Optimizing Every Candidate’s Experience
By Angela Hunter, Talent Advocate for Time Warner Cable, Talent Acquisition & Movement

A talent acquisition survey from Jibe and Kelton Research recently revealed that "more than anything else, optimizing candidate experience was identified as the top recruiting trend." In truth, candidate engagement has always been a key differentiator. How we make candidates feel about our brand as an employer and how candidates are treated during the application process majorly impact one’s recruiting success. As a talent advocate, I focus on optimizing the candidate’s experience during the hiring process.

But let’s not get ahead of ourselves. A candidate’s first impression is going to be formed long before he or she is contacted by a recruiter or someone like me. Candidates see our commercials on TV. They hear the opinions of existing customers who are their neighbors and family members. They “hear” about how we treat our customers before they decide to become one. With that in mind, the first step in candidate engagement requires branding your company as an employer of choice. You want to position your company so that it is known, respected and considered to be a great place to work and have a career. To do so, you must stake a claim to a proven identity, widely communicate it and ensure that your company remains authentic and true to it.

Communicate Your Brand
Once you have your brand image firmly established, it’s time to communicate it. Such communication requires casting a wide net. You cannot simply focus on current job seekers. After all, how many of those hard-to-fill positions require recruiting actively employed individuals? You want everyone to know that your company is a great employer as you never know who might be a future applicant or a person influencing a job candidate. That includes building brand awareness among your current employees.

Every time I think about a company’s brand and its ability to expand its identity outside of its normal market, I go online to see who’s doing what and how well. Business Insider does a great job of researching trends. The business web site recently published an article titled, “The 20 Most Valuable Brands In the World, that spotlighted the unique and courageous methods performed to heighten the companies’ value in the marketplace. Amazon, Google, Apple and UPS were among those featured in the article. All of these top companies had one commonality: they expanded their customer base outside of their normal market. For example, Amazon saw that most of its customers were spending time reading articles and news stories online. So it went from selling and shipping books to making it incredibly easy to download one on a phone or tablet. Today, it's almost impossible for brick and mortar shops to compete with Amazon's wide selection, low prices and mastery of the mobile marketplace as the company makes it easy and simple for consumers to buy nearly anything from anywhere with a few clicks of a button. Recent acquisitions of Audible.com and Goodreads also show Amazon’s determination to dominate all aspects of mobile book consumption and sharing. As another example, Time Warner Cable recently made it possible to watch TV on a phone or tablet. Why? Because it’s convenient and connects the company to its customers no matter where they are.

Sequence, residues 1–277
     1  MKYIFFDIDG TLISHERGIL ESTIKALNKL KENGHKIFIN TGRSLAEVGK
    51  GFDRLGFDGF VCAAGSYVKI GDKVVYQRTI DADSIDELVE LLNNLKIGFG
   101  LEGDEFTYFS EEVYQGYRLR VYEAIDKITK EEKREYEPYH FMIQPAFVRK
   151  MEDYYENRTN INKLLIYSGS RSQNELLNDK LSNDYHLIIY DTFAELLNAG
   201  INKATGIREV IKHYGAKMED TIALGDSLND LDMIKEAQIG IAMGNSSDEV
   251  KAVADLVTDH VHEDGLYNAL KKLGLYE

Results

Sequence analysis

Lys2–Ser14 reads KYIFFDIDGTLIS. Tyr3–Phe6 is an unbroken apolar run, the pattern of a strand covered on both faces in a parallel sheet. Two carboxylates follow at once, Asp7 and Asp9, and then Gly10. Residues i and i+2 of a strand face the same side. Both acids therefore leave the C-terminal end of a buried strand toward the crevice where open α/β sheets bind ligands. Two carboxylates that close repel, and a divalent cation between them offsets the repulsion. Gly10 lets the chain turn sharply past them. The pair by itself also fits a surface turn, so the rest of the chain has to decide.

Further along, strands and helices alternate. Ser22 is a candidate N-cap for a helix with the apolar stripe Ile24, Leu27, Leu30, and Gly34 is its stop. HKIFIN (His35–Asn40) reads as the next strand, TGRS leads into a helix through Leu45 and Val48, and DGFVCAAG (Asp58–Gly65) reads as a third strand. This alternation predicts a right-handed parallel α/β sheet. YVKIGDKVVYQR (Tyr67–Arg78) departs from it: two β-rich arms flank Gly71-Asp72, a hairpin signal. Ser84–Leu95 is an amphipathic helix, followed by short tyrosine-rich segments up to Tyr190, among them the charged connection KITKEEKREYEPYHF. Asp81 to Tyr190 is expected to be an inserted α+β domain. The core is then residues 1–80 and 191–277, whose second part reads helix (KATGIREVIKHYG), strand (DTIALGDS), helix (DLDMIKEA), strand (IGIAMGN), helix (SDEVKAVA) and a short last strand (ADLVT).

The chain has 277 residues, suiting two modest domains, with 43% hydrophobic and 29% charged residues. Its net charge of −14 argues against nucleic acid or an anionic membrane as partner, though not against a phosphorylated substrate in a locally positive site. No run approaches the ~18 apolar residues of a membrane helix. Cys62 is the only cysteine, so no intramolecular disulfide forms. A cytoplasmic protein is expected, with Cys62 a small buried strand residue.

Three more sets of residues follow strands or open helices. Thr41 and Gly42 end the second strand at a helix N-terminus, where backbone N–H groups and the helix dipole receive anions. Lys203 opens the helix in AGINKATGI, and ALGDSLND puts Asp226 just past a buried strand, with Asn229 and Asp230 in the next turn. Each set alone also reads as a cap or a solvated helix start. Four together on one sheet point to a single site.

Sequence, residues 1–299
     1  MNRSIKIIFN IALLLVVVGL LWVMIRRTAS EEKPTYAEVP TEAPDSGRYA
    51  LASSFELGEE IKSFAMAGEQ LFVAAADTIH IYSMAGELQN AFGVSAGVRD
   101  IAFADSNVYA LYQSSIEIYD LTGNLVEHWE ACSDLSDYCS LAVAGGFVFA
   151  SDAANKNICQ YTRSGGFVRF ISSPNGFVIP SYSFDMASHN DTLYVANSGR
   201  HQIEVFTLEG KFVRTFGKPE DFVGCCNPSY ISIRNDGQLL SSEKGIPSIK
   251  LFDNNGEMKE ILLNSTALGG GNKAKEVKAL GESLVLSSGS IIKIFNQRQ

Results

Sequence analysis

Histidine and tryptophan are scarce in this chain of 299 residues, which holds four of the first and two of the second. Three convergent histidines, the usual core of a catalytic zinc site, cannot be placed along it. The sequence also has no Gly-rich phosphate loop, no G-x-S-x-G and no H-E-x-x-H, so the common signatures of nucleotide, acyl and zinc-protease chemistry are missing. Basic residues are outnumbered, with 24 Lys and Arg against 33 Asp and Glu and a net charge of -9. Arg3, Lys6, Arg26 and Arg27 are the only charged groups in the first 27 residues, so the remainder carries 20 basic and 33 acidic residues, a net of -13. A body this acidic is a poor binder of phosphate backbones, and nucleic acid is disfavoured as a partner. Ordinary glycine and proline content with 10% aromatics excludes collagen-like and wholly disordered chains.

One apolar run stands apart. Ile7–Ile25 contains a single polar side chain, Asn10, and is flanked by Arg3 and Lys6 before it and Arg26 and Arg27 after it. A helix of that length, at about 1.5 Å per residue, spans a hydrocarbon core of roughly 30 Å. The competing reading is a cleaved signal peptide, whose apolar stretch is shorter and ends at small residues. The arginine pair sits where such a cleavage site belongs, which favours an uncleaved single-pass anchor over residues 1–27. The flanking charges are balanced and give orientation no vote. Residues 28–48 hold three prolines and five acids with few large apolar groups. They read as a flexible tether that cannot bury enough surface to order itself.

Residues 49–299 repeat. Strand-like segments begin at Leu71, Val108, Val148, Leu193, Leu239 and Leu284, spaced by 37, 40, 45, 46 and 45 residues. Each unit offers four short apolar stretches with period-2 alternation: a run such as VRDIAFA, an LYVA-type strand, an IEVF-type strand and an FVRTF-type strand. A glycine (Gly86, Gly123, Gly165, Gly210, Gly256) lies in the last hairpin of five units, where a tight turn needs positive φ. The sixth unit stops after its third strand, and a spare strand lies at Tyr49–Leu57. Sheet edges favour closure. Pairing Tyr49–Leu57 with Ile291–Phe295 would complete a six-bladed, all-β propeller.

In addition to enhancing convenience and accessibility for their customers, these companies increased their overall brand awareness as their efforts garnered a lot of positive attention from the media and consumers. On the flip side, a negative customer experience can dramatically hinder your company’s image as an employer of choice. A company’s image in the marketplace directly impacts individuals’ perceptions about it as a potential employer.

Promote Internal Awareness